Shooting from the Hipsta.

First things first: I am a decidedly amateur photographer with more enthusiasm than ability. But I enjoy it, it doesn’t harm anyone and it keeps me out of mischief. Pottering about with a camera is a great, relaxing pleasure, I think. I have four cameras that I use on a regular basis. A Nikon D90, which I think of as my ‘serious’ camera: the one to use when you need to be sure of the results (and when you need more than one lens). A Leica D-Lux 4, which is great when you need to be more discreet than holding an SLR up to your face (which has got me into minor trouble in both Marrakech and Palermo); this is a brilliant little camera that produces some stunning results. I love it. My (un)trusty Holga, which I only use when the results don’t really matter: they might be brilliant, or they might be crap. I love it and I hate it. (See this post for more on Holga.) And my iPhone. Yep, my phone.

Ever since I discovered the wonderful Hipstamatic app, my phone has become as creative and spontaneous a way of capturing images as any of my other cameras. Well, probably the most spontaneous way.

For anyone who hasn’t seen it, Hipstamatic lets you (theoretically, of course) change lenses and film to create different effects; much as you would if you were…er…changing lenses and film. The interesting about Hipstamatic is the way in which the retro interface is actually quite reassuring – a kind of antidote to everything slick and digital. It even makes you wait for your ‘prints’ to be developed. In that sense it’s a bit like the Holga (and some of the effects are quite Holga-like), but not so hit and miss.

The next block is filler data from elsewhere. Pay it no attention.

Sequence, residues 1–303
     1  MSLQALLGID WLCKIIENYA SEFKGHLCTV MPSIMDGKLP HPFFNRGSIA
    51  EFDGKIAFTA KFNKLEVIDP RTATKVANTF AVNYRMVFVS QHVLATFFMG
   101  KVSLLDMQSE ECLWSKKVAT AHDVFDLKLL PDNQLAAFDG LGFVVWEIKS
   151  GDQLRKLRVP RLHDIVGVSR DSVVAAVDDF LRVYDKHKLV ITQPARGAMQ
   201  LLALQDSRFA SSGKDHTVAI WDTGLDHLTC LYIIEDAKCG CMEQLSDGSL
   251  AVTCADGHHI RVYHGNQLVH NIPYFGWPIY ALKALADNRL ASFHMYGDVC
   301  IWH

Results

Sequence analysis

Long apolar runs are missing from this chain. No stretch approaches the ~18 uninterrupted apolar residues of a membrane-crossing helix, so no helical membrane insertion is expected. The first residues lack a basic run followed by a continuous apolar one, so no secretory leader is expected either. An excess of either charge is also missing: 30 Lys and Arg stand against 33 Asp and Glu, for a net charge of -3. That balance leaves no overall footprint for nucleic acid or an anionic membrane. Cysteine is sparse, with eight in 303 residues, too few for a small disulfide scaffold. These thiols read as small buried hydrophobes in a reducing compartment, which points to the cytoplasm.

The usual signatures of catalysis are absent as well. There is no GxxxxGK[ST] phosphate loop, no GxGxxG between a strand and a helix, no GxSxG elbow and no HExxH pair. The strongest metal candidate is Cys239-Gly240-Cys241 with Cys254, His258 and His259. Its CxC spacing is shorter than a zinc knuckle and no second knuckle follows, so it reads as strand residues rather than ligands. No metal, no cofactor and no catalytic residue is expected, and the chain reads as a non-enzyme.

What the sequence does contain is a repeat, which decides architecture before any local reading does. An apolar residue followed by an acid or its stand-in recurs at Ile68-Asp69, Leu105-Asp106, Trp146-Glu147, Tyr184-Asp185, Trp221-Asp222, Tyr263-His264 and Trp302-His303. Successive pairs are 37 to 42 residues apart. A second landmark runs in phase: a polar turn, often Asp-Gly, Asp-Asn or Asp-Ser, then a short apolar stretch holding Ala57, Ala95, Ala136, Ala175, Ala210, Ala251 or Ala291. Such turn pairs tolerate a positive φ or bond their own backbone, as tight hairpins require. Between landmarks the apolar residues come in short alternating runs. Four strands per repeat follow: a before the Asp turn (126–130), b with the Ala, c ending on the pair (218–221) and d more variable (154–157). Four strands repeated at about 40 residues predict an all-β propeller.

The app is a boon to bloggers and twitterers everywhere, or anyone that wants to record what they see on the move, but with a bit of character and personality. But it’s being taken more seriously than that too. Last November the New York Times featured four photographs of the war in Afghanistan on their front page. They were taken with an iPhone, using the Hipstamatic app, by NYT photographer Damon Winter. It wasn’t a gimmick. Winter has taken a whole series of stunning images, all in the same way.

Perhaps this shouldn’t be surprising. After all, it’s the photographer that takes the shot, not the camera. And shots taken with a phone are probably about as candid as you’re going to get. I can’t help thinking that I might have got a better set of shots in the souks of Marrakech with my phone than I did with my Nikon. Now there’s a thought.